Sleeping on the couch tonight? Not speaking to Mr. Right? Don’t worry: that fight you and your spouse got into last night is actually good for your health. That is, if you don’t hold it in, but instead let your feelings be known. So says a new study tracked 192 couples over a 17 year period.

Researchers at the University of Michigan looked at how suppressed anger and feelings of resentment in a marriage affect overall mortality rates. They found that couples that suppress their anger–that is, neither spouse stood up for themselves during a spat–had twice the mortality rate than couples with at least one partner who let loose. Previous studies have shown that suppressing anger increases stress-related illnesses like heart disease and high blood pressure. Ernest Harburg, lead author of the current study said, “The key matter is, when the conflict happens, how do you resolve it? If you bury your anger, and you brood on it and you resent the other person or the attacker, and you don’t try to resolve the problem, then you’re in trouble.”

Amen Brother! That’s why my wife and I deliberately beat the crap out of each other (verbally, Romans, verbally) every month. Good for the health I tell ya. I’ve always said: Hold on to that anger and you’re just asking for a heart attack, or cancer, or something like that. Pent-up anger and resentment forces one to brood, causing chemical cascades like the over-production of cortisol and other chemicals, which can stress the organs and blood vessels. Over time this can lead to heart or vascular disease, and ultimately, premature death.

There’s this notion in our current society that anger is “bad”. But in truth anger is experienced by every person on the planet at some time or another. When one tries to put forth the illusion that one never gets mad–you know, the classic anger suppressor–then that person is inviting disaster. This doesn’t mean that you have to lose your cool at the drop of a hat–diplomacy and civility still have their place in our world–however, if you gotta get it out, then express yourself; you’ll certainly feel better, and you might just live longer as a result.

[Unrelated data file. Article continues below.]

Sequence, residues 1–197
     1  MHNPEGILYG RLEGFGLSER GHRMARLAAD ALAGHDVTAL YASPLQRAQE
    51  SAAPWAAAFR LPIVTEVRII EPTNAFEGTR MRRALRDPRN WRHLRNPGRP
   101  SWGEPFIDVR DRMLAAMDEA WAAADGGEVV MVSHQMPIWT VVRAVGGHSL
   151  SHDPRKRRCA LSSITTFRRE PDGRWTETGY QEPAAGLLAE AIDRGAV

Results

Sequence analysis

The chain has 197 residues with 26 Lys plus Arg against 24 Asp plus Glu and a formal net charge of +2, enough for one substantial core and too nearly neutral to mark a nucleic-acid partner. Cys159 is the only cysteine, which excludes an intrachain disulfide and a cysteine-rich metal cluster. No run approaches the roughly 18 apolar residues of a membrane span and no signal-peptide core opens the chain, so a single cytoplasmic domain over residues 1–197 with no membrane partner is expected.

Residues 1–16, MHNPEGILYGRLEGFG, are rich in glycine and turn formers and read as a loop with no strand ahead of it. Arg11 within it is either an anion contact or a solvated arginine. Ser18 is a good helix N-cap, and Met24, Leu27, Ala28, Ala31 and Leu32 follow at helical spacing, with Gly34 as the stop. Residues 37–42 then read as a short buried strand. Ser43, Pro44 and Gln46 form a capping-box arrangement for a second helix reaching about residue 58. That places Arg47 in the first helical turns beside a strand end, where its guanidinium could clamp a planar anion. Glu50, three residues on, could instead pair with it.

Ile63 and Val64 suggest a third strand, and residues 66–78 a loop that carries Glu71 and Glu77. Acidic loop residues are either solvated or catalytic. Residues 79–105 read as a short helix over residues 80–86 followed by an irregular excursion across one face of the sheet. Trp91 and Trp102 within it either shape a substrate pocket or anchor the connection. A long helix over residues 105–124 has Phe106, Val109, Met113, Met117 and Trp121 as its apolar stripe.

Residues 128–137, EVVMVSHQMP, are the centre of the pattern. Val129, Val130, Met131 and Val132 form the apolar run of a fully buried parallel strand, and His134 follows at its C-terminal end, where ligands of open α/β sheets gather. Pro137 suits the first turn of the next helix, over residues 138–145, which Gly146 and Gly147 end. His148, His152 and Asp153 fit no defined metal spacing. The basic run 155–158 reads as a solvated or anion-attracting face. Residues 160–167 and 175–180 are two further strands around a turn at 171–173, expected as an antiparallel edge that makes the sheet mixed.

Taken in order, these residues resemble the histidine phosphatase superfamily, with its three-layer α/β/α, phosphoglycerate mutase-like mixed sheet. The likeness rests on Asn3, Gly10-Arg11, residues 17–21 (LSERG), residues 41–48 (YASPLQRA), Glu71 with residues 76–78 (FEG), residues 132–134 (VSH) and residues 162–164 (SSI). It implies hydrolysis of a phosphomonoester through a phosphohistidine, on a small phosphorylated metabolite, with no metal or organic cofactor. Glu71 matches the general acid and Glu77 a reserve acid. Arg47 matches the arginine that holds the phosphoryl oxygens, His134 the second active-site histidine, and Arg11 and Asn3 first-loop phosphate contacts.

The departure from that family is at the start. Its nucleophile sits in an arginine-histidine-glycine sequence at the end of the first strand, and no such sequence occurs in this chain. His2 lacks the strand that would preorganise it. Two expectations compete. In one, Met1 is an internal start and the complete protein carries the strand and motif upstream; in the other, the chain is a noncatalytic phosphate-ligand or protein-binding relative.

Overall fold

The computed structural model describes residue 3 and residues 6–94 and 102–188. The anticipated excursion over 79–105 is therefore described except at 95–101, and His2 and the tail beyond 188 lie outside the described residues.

5 Responses to Expressed Marital Discord is Bliss

  1. Naomi says:

    Nice to know I’m perfectly healthy… lol Very interesting read!

  2. Cowboyland says:

    I’m so glad that someone else is on the same chapter as I am Dr. Campos :) That’s what I wrote on my last posting as well.

    I do think it has a lot to do with the norms of the society. We want a docile society (I should deduct “I” from that “we”) which is probably why the kids are given Ritalin if they act like, well, normal kids, or hyper. When was the last time the children weren’t hyper? Maybe because we’re programmed that way, and we’re use that energy in productive ways, now that we’re all sitting, and driving, and moving less and less.

    Arguments are good for you (granted that you’re not hurtful); air things out. We have rules. No going bed angry, and with unresolved issues. Kiss and make up. And the biggie is, don’t win the argument, or don’t go into argument to win it. Compromise, and resolve.

    It’s great to have a medical perspective. Thank you!

  3. Rann says:

    What do you do when you’re the outspoken one and the other person says they don’t believe in arguing? All that does is make me angrier. It’s the end – no resolution. I’m talking about me and my twin brother. He was abused by our dad but I stood up for myself even from a child. He’s very suppressed almost too much so, and misunderstandings seem to languish. I love him so much and want to communicate- what does a person do?
    Thanks Nick! Great comments too

    • Talk to him through his value system–what he loves and responds too–and if he still doesn’t want to talk, then accept and honor it. It’s all you can do. Thank you, Rann.

  4. Rann says:

    That is really good advice. I can see where that would work since his value systems were abused and ignored early. It’s clear when you put it like that.

    I needed a male perspective. We’ve butted heads for years. Hopefully I’ll do a good job and our relationship will be healed. Wish me luck! Thank you.

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